were there as usual, on the rim of the canyon.
It looked green and
different.When we got down to the bottom it was wetter than
usual.The reeds had grown taller and the water went into the
mouth of the storm drain. The day was sunny and warm however and
insects were out, especially the dragonflies.We liked dragon
flies.Queeny found a jar.Then we found two more.The hunt was
We poked around the
reeds.We probed among the cattails. We muddled in the mud. The
time we were having, it was marvelous.
"Tom, look at the
color on that one's wings!" Daisy shouted to me.
"And see, over
there, there's a red one!" Allen cried.
"But," I said
proudly, "look at the size of this one!"
Mine was easy to
see.It had been caught and was already in my jar.
proclaimed the queen, "but I'm having no luck."
we're making too much noise,''said her brother, "we have to
spread out and be quiet."
So spread out and
be quiet is what we did.
The air was warm
but cool down by the water. The birds chirping and the buzzing of
bees were the only sounds.White rolling cumulus clouds puffed up
in the sky like cotton candy.The canyon was at peace.Then, from
near the entrance to the storm drain came the crash of breaking
glass. I looked at Allen. He looked at me.We knew who it was.A
scream pierced the air.
We ran to the
drain's entrance and saw a man grabbing Daisy.She was struggling
to get free.He looked up at once when Allen shouted,
"Let her go!She's a
Right then when he
was distracted she kicked him hard and I can't say where, but he
lost his grip.He turned quick and entered the cave though it was
knee-deep in water.Daisy ran back to us.
"You all right?" he
"Don't worry," I
said, "we'll get him."
We formulated a
plan. Two wooden pallets from the construction site were
assembled near the water's edge.We found a broomstick and made it
a pole.Then we set off towards the murky entrance.The pallets
wouldn't hold much weight.The water was lapping the edges of our
shoes.But on we polled, up into the dark forbidding mouth of the
cavern.No matter the cost or danger we followed him in.
For the first few
yards we could see.Then after twenty the water, due to the slope,
ran out so we beached our craft.We could hear him up ahead but
couldn't see him.Many steps later we ran out of light having made
the curve.Allen struck a match.
"If he thinks he
can kidnap a queen he's got it all wrong," he said.
Then we reached the
place where it was completely black.The cool wind from the
entrance that couldn't be seen blew the match out.It was like
looking for a black cat in a coal mine.Our hands, as they say,
couldn't be seen in front of our face.Just then we heard
"Allen, said the
Queen, "light another."
When it flamed up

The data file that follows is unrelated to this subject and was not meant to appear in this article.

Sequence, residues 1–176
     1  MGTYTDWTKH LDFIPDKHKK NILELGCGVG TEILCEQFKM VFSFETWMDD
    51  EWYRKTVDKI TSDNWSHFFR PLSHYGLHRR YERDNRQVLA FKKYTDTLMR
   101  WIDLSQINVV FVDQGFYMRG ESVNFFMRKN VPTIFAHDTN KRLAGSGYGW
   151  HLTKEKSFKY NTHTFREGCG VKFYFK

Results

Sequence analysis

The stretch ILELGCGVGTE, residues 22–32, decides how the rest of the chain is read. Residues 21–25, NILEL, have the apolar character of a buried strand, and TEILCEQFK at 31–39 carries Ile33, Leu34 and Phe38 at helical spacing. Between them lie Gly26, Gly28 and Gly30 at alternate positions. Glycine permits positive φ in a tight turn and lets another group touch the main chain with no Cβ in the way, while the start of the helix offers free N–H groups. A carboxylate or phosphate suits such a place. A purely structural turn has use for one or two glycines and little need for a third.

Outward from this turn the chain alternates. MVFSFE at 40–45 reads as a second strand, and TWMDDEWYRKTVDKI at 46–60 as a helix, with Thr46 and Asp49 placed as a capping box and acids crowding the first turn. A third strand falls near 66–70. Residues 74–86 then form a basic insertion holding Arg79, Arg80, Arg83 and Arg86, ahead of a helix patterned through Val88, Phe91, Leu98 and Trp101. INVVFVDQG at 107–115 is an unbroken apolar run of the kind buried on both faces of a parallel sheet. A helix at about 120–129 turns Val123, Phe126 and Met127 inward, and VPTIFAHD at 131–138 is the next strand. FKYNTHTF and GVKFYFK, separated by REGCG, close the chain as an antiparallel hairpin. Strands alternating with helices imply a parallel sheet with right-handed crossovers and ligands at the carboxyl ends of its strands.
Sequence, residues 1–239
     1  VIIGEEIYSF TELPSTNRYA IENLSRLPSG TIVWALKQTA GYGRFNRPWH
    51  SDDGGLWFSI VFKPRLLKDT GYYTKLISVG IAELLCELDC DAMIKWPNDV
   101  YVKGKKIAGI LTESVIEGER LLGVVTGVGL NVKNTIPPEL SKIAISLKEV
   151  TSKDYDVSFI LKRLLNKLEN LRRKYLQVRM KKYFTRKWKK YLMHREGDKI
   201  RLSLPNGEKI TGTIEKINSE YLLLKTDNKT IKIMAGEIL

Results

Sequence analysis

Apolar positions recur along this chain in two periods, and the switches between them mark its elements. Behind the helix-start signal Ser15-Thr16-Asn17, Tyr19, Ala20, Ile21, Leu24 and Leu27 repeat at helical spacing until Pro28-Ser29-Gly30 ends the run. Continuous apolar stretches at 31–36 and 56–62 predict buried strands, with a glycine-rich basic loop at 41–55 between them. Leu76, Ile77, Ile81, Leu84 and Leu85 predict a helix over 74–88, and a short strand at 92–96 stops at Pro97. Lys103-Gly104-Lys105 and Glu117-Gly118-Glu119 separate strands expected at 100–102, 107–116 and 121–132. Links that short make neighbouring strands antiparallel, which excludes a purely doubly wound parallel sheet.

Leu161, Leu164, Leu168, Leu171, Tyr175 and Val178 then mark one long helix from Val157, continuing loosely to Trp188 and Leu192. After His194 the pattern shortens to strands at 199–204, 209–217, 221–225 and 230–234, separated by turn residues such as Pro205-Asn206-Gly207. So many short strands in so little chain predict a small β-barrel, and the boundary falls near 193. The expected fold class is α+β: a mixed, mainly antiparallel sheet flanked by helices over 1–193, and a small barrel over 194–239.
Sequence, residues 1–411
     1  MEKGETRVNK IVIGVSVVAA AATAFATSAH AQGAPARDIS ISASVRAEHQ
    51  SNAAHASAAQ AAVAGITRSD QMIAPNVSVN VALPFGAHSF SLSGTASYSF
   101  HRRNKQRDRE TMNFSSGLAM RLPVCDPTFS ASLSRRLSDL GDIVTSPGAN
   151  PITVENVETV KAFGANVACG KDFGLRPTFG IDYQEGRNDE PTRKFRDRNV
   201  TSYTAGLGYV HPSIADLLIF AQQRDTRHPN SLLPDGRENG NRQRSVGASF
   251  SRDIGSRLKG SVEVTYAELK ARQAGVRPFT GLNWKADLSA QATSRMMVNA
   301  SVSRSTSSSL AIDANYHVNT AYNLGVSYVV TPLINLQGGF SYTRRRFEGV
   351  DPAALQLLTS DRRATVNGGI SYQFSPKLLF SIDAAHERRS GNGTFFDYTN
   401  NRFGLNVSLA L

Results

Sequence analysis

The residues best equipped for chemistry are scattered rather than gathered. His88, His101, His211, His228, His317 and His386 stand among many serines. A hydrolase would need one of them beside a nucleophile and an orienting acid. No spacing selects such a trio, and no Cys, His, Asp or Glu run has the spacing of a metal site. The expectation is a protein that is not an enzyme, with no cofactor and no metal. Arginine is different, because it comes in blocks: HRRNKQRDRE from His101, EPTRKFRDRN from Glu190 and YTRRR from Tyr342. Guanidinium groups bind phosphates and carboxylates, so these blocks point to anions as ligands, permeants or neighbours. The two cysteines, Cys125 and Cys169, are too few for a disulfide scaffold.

we saw on the side of the drain the heal of a tennis shoe
disappearing up the smaller pipe on the side.Our quarry was on
his hands and knees.He was hiding in the schoolyard drainpipe
"Wait," I said,
"this could be dangerous.We need a plan."
We had a conference
there underground.After all agreed, orders were given.
"Daisy, you go
back.It's lunch time now. You've got ten minutes. Here's my
watch.Find Flannery. He's up the hill eating lunch.Tell him to go
to the school yard and wait by the sewer grate.Tell him to stand
on it.Don't let us down."
"A proper queen
never lets her subjects down," she answered, "You know
He gave her a match
to go.That left him three.They were white-headed kitchen matches
and could be struck on anything.She left.
"Now," I said,
"we've only got to wait."
We waited there in
the damp darkness and listened. We counted the time by
recitation, one Mississippi, two Mississippi, till the time was
"Now," he said,
"let's get to work.
He lit a match and
by its' light we looked around, then found the pile of magazines
and papers.We gathered them up and piled them into the entrance
to the small tunnel running to the school.
"Well," he said,
He fired them
up.The flames grew, the fire burned higher.The papers were damp
so they made thick smoke.The breeze came in from the entrance and
pushed the smoke up into the pipe.Where we were it was almost
clear and confined to the top of the tunnel.But in the school
drain there was no escaping it.We fed the fire all the trash we
could find.After a while we started off to the entrance before
the firelight failed and left us in the dark.
In minutes we
rounded the curve and saw the edge of the water.It was only up to
our knees so we slogged our way out.Finally at the end we heard a
"Are you all right
in there?" was said with an Irish accent.
That was good news
"We're OK," I
When we came out we
were black with soot, soaked to up to our knees, happy down in
our hearts. Queen Daisy was there and Flannery.Between the two
was a sootyman laying on the ground with a blackened face.He was
in handcuffs and as smoked as a sausage.
Queen Daisy, "Meet Injun Joe.And since you promised a portion of
what you found to me, I now pronounce us…rich!"
"Aye lads, 'tis
true," said Flannery, "There's a reward you know."
So now you see, and
I agree, when it comes to play, why canyons, they're just the
thing.I'll take 'em over a formal playground any day.